All About Cervical Cancer
Cervical cancer is the most common cancer to strike at a woman's reproductive organs and most cases of cervical cancer begin with one or another strain of the human papillomavirus (HPV). HPV is the most common sexually transmitted disease (STD).
For most women, HPV isn't much of a threat and their bodies manage to fight off the virus before it can do any serious damage. But for a small number of women, the virus stays alive in a dormant state, often for years, and then at some point changes the outer cells of the cervix to a cancerous state. The cervix, located at the highest point of the vaginal canal, is the neck of the female uterus.
With the advent of the Pap smear screening test some 50 years ago, the mortality rate from cervical cancer has been much reduced. Cervical cancer is rare in women younger than 30 years of age.
Cancer of the cervix can be treated if caught at its earliest stage, but most women don't have symptoms during this treatable period of the disease. This is why the Pap smear is an invaluable diagnostic tool, since it can detect very early cell changes. As the cancer advances, a woman may experience any or all of the following symptoms:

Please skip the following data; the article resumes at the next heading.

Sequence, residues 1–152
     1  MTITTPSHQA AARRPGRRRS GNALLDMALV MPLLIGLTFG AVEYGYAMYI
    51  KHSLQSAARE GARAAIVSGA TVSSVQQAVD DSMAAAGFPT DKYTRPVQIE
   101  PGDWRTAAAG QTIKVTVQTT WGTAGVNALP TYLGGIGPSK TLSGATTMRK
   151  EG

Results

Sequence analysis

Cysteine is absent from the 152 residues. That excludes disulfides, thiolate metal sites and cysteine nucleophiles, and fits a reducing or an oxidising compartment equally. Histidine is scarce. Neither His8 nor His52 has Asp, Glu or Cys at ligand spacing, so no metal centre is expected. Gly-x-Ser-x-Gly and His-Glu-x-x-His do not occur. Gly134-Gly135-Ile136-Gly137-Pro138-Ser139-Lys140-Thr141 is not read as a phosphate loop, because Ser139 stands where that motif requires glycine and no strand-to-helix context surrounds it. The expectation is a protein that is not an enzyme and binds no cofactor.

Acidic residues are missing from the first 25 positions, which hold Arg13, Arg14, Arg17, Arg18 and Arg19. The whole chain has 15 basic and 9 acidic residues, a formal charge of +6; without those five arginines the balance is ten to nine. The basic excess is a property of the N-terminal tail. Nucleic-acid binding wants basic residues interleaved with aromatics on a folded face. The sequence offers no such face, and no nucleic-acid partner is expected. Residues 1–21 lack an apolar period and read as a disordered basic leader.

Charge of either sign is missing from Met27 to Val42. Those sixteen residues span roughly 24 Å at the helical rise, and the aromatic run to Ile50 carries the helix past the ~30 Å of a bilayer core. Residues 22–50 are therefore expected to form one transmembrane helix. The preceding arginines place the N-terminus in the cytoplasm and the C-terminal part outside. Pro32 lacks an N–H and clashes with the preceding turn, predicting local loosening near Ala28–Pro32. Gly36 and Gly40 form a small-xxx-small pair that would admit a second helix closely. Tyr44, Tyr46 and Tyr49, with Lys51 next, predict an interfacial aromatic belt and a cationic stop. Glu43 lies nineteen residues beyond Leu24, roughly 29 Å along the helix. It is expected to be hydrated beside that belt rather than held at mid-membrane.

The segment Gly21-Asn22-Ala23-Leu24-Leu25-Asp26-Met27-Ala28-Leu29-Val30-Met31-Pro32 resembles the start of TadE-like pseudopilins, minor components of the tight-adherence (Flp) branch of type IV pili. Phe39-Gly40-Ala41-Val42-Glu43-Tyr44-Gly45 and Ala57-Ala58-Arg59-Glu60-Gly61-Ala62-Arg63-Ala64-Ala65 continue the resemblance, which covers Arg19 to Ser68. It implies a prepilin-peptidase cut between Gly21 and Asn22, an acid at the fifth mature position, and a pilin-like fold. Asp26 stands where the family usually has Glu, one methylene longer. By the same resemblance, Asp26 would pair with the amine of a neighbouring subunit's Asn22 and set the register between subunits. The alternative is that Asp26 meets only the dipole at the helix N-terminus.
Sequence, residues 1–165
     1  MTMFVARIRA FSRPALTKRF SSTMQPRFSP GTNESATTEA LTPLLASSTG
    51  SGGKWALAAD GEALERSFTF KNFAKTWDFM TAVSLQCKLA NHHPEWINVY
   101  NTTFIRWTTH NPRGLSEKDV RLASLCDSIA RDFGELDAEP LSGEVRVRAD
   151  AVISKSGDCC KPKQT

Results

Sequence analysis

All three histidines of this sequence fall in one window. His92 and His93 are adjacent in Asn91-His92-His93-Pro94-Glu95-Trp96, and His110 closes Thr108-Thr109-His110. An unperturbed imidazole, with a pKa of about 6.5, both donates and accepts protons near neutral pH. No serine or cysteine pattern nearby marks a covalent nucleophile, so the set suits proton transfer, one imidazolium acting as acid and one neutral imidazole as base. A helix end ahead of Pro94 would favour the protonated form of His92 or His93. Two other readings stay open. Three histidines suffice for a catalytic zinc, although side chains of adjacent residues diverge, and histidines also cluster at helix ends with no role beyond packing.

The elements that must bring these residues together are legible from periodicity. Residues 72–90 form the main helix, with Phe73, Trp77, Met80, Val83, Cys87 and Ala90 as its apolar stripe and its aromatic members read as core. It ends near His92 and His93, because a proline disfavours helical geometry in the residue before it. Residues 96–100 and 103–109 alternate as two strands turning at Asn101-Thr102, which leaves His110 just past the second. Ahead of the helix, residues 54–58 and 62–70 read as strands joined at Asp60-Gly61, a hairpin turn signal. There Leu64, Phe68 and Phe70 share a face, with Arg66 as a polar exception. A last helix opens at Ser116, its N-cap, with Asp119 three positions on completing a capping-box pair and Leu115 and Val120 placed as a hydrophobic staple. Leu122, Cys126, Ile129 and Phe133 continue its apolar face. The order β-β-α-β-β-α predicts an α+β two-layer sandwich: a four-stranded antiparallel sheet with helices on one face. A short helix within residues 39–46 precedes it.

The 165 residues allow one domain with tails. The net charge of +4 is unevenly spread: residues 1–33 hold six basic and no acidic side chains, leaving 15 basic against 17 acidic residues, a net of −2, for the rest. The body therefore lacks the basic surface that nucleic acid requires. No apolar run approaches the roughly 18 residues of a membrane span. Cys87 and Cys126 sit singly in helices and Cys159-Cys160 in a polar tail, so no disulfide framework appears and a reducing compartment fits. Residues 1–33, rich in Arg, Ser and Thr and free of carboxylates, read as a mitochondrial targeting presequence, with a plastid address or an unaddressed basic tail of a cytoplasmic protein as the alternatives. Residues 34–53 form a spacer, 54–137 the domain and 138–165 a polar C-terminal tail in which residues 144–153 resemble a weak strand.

*Vaginal bleeding after menopause, after sex, and in between menstrual periods
*Pain during sex
*Vaginal discharge of a bloody, watery nature. The discharge may be profuse and may have an unpleasant odor.
Some risk factors for cervical cancer are unavoidable, while other risk factors can be modified or lessened. Here are some of the risk factors that may leave a woman vulnerable for developing this type of cancer:
*Engaging in sex at an early age—girls who become sexually active before they turn 18 raise their risk for HPV and their younger cells are more susceptible to the precancerous cellular alterations that are seen with HPV.
*Multiple partners—the larger the number of sexual partners you have, the greater your chances for developing HPV. If you are loyal to your partner, but he plays the field, your risk remains the same.
*STD's other than HPV—if you have chlamydia, gonorrhea, syphilis, or HIV/AIDS you have a higher risk for having HPV, too.
*Compromised immune system—most women who contract HPV never have cancer, but if your immune system is weakened and you develop HPV, your risk for cervical cancer is higher.
*Cigarette smoking—the reason why smoking causes cervical cancer is still a mystery, but it is known that smoking raises a woman's risk for cervical cancer. If you smoke and have HPV, the risk is even stronger.